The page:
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Protect Sha Lo Tung 保護沙螺洞(張屋、沙螺洞老圍和李屋)
Hong Kong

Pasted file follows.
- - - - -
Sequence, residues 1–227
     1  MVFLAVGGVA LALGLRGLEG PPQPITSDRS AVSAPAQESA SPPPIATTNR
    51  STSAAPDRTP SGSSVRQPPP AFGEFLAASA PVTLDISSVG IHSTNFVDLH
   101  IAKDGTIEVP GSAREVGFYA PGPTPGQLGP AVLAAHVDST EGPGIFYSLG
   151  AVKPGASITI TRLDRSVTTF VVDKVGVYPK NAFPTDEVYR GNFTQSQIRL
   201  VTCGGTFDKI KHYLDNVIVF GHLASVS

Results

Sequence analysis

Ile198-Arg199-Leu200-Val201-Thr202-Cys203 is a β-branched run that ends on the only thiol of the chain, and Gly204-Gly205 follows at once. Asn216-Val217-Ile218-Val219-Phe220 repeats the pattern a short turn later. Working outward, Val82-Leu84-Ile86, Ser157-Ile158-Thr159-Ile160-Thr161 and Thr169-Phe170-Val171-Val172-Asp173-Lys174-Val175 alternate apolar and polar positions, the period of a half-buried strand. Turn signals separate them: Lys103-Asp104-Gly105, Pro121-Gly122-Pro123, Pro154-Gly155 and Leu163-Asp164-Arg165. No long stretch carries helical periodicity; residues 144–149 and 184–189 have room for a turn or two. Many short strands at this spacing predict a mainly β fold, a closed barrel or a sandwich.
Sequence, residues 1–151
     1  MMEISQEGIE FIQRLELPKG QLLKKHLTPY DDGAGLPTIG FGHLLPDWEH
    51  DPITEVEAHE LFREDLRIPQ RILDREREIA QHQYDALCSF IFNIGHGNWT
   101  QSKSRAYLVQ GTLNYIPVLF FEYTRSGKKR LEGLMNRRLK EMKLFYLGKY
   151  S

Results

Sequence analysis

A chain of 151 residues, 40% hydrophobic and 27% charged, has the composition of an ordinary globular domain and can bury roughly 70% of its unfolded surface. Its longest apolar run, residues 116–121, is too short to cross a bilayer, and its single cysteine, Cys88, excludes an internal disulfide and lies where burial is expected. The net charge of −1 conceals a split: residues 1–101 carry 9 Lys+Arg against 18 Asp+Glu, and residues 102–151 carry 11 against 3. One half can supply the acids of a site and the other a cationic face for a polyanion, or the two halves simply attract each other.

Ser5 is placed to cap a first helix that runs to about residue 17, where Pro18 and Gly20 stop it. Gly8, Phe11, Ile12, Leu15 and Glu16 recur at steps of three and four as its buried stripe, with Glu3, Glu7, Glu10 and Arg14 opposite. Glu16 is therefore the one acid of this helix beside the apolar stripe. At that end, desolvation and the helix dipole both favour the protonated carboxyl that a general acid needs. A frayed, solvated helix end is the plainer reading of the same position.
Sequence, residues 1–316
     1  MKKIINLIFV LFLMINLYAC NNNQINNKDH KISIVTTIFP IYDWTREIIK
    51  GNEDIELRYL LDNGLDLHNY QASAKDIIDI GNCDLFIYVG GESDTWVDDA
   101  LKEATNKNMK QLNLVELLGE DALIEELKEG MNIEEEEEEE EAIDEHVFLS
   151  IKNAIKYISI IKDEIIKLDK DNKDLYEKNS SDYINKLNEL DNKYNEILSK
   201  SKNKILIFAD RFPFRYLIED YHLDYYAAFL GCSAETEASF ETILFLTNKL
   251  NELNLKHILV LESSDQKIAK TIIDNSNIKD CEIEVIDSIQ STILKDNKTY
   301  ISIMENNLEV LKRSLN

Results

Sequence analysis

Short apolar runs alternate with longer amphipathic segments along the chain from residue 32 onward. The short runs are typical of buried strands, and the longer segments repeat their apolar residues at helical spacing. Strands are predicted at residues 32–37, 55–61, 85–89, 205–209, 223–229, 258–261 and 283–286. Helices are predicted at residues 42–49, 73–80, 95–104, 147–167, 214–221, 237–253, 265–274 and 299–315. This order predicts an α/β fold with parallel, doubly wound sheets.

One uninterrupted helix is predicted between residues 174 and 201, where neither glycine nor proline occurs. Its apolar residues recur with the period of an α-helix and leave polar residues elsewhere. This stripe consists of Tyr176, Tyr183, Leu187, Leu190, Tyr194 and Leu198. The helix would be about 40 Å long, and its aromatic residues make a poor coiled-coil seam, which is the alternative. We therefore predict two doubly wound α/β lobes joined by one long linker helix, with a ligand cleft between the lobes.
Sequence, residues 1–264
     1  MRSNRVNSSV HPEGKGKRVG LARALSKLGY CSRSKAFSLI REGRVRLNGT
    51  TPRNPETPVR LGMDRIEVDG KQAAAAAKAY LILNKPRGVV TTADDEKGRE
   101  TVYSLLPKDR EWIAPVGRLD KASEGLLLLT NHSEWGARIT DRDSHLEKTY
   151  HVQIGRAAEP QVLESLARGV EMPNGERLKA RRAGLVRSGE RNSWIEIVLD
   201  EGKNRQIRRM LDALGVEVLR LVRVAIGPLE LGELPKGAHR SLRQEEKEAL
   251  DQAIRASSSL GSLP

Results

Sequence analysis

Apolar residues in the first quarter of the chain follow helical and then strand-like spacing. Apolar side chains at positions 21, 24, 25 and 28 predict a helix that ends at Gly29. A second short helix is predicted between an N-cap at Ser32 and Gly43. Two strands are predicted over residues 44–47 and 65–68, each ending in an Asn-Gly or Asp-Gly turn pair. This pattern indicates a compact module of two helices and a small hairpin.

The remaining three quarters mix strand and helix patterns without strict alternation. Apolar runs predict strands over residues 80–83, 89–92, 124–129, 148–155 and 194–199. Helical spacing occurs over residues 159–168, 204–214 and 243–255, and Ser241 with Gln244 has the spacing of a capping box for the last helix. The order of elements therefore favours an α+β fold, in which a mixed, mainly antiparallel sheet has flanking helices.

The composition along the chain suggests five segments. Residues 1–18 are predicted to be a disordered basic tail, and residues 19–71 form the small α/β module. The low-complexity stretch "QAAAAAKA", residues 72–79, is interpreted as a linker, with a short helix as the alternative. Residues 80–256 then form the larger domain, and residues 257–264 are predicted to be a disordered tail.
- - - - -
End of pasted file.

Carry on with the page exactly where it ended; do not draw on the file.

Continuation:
沙螺洞曾有大片稻田大埔沙螺洞,位於新界大埔一個盆地,佔地超過80公頃。整個盆地被八仙嶺郊野公園環抱,原有3條傳統客家村落,分別是張屋、沙螺洞老圍和李屋。沙螺洞是香港唯一的淡水濕地,擁有良好的自然環境,香港接近六成半的蜻蜓品種在此地棲息。現為一塊荒地早年沙螺洞的村民大多以種水稻維生,大片稻田包圍各個村莊。大約在1983年,發展商開始向村民購地,後來遭受到環保團體極力反對,並不獲香港環境保護署通過,未能發展高爾夫球場及低密度住宅區,因此沙螺洞已經變成一塊荒地。目前沙螺洞村的村屋已十室九空,村民早已搬出巿區居住。由於沙螺洞環境清幽,吸引不少行山人士假日前來遠足。 In both a local and global context, Sha Lo Tung has very high ecological value. More species of dragonfly have been recorded here than anywhere else in Hong Kong: by 2003, at least 72 dragonfly species had been recorded; this figure represents 65% of the total for the whole of Hong Kong. One of the dragonfly species, Spangled Shadow-emerald (Macromidia ellenae), is endemic to Hong Kong. Sha Lo Tung is also the only site in the world to process two Macromidia species, namely South China Cruiser (Macromida katae) and Spangled Shadow-emerald (Macromidia ellenae).Sha Lo Tung boasts the highest number of damselfly species (Gomphidae Family) recorded in Hong Kong: 12 species in all. Additionally, a dragonfly species that has been recorded downstream �V Small Dragonhunter (Sieboldius alexanderi) �V may be new to science.Sha Lo Tung lies to the northeast of Tai Po Market, and is surrounded by Pat Sin Leng Country Park. Yet most of the land here is excluded from the Country Park. The Sha Lo Tung streams, freshwater marshes and nearby woodlands form an ecosystem which, besides being a good breeding area and feeding ground for a variety of dragonfly species (see photos), is also an important habitat for the endemic Hong Kong Paradise Fish (Macropodus hongkongensis) and other wild life.In 1997, the Sha Lo Tung streamcourses, together with a 30m buffer zone on both sides of the streams, was designated as a "Site of Special Scientific Interest", with a total area of about 22 ha. Despite the fact that Sha Lo Tung has been under statutory land use control, the ecological environment of Sha Lo Tung has yet to receive proper protection. For example, off-road vehicle users and war gamers who frequent the site can adversely impact the fragile Sha Lo Tung environment.The government is now reviewing the Hong Kong Nature Conservation Policy, and proposing two options to conserve ecologically important habitats which are on private land ownership, including (1) management agreements with the land owners and (2) private-public partnership. Whether the these two options will be successful will greatly depend on the active participation of the private land owners and just what assistance is given by government (such as allocation of resources, and policy support), as well as participation and help from local non-governmental groups.